I think the only occasion on which I spent a few days there at a stretch was during the monsoons of the year I was five. The house we were staying in at that time was on the banks of the Karamana Aar, and it flooded. Our house was in knee-deep water. To make matters worse, both my brother and I had chicken-pox. So we shifted to the grand-aunt's large house for a few days. Of course, I've also visited the house multiple times over the years I've spent in Trivandrum.

The house had a rare characteristic - two gates, one on either side, because the house was on a large plot between two roads. On one side, the road was much lower than the house, and steep steps led down to the gate. This gate was supposed to be the front entrance of the house, but later on, when cars became more common, the back gate of the house was more frequently used. The front gate was locked pretty much all the time. I remember my brother and used to find the moss-covered steps leading down to the front gate spooky - we rarely played there.

My grandmother's father built the house for his eldest daughter after she got married. So it can't be more than fifty or sixty years old, because she got married in the late forties. The rooms are not as small and dark as rooms in older Kerala houses generally are. They have high ceilings, large windows, cold red floors. Somehow, despite being so large, the house always seemed very warm and welcoming to me. I don't know if it was the house itself, or the warmth of the people who lived there.

I find it so weird that the house now lives on only in the memories of the people who lived there and visited there. Also, if I feel so sad about the house's demolition, I wonder how the five sons of my great-aunt must feel - they grew up there.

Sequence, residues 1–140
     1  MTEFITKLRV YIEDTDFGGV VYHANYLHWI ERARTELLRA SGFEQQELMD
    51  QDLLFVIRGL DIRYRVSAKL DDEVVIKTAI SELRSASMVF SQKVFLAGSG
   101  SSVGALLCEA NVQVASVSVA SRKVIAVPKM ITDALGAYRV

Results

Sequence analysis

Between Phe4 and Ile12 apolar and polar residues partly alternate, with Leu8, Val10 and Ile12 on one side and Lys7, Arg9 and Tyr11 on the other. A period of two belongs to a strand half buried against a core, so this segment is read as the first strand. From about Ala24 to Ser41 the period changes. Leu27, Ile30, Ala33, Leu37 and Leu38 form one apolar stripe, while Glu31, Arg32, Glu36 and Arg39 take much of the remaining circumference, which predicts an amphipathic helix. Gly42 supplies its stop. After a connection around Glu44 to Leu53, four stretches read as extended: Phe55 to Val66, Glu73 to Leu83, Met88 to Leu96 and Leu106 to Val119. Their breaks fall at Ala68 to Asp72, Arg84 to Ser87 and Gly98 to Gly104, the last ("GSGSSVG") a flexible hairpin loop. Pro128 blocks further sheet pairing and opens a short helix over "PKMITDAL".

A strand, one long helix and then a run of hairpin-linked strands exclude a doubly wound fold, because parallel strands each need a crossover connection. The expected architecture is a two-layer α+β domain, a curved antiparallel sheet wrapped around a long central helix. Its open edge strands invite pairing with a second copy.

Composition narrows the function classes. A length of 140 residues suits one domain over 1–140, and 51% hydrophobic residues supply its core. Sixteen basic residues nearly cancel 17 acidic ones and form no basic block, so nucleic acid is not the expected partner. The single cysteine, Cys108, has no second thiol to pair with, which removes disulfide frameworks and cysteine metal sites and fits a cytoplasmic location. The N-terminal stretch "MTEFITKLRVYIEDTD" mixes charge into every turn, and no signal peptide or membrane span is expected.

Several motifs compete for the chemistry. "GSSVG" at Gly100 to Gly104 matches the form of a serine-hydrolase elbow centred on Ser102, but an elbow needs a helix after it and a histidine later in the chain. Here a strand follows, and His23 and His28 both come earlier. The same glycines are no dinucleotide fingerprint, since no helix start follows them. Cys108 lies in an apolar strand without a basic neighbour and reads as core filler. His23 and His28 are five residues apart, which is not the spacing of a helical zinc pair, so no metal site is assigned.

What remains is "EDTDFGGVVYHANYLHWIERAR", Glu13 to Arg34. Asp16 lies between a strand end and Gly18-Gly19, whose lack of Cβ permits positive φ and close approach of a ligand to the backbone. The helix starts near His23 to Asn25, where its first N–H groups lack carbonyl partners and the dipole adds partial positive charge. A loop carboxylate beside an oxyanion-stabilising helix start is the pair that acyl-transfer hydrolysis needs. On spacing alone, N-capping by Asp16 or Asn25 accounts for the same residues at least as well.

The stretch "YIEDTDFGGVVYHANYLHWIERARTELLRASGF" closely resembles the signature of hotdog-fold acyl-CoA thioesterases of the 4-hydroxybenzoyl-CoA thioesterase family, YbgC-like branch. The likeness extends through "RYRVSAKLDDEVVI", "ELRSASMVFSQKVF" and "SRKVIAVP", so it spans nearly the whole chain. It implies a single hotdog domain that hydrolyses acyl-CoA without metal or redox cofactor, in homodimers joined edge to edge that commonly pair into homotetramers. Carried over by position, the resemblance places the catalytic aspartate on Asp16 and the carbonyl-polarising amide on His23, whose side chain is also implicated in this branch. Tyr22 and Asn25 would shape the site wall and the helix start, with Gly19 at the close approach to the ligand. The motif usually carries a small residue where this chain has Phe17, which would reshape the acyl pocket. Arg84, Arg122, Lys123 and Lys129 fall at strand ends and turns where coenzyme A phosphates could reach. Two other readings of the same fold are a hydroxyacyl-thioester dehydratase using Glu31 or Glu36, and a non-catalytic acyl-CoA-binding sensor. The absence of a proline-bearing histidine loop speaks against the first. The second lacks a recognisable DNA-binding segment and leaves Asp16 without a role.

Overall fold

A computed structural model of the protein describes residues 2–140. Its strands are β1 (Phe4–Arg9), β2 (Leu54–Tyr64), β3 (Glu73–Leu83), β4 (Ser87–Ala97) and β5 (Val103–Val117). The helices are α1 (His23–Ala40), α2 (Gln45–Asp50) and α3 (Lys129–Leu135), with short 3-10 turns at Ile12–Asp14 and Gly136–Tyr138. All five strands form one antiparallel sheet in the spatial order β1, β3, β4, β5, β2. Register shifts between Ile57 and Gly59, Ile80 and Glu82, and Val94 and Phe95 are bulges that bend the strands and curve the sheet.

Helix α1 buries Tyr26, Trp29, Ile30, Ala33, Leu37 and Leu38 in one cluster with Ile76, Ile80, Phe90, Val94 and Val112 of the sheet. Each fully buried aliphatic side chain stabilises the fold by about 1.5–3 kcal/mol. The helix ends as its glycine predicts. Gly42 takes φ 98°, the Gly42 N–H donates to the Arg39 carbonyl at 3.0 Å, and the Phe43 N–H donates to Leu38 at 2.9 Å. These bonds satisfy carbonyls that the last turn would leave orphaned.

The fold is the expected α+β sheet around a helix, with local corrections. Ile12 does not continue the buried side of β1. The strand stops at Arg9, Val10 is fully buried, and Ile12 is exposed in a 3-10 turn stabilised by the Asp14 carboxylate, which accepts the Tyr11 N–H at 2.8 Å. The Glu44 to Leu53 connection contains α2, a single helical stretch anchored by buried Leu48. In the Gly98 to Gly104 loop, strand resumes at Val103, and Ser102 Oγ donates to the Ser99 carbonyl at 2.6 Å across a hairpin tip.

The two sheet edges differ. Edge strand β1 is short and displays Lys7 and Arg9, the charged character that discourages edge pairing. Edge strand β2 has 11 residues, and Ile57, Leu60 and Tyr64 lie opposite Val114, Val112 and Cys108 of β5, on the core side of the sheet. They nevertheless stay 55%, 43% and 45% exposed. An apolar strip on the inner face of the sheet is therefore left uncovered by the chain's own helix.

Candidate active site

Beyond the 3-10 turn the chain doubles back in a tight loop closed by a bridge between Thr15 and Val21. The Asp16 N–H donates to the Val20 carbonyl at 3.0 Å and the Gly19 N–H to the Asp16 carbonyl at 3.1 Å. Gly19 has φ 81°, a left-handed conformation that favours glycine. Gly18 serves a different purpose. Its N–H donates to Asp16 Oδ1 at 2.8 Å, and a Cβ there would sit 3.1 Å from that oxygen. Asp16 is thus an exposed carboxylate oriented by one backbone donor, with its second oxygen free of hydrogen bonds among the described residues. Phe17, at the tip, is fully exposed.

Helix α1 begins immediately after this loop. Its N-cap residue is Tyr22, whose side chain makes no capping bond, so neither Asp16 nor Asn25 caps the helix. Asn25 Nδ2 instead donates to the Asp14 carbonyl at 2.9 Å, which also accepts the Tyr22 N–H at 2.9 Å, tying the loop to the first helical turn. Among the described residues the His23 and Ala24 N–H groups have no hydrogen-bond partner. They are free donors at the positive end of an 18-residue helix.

But I guess time has to pass, and the world has to change.
• • •

Thursday, August 01, 2013

Thoughts on Commuting in Bangalore

Long time readers of this blog will know that I'm against people using cars for their daily commute. It's a belief that has evolved over the past four years in Bangalore, and probably has a lot to do with how terrible Bangalore is traffic-wise. 

I also ascribe this belief in part to my first company, which tried to promote green values in its employees. (Though it was slightly schizophrenic in its actions. People were encouraged to cycle to work, but manager grades and above had subsidized car loans as a benefit. It ran buses for its employees, but the monthly charges were prohibitively expensive. It sent out nice colourful mailers to promote Bus Day, but refused to have parking fees for car-users.)

Anyway, back to topic. 

My daily commute offers me contrasting perspectives on Bangalore traffic. It's a pretty short commute by most people's standards - only 5-6 kilometers each way. But thanks to Bangalore's convoluted system of one-way roads, the commute becomes about eight kilometers long if I choose to travel TO office by bus. AND I would have to walk about two kilometers in total - not an easy thing to do in heels. So I take the easy way out - I get the long-suffering husband to drop me part-way, and then I take an auto.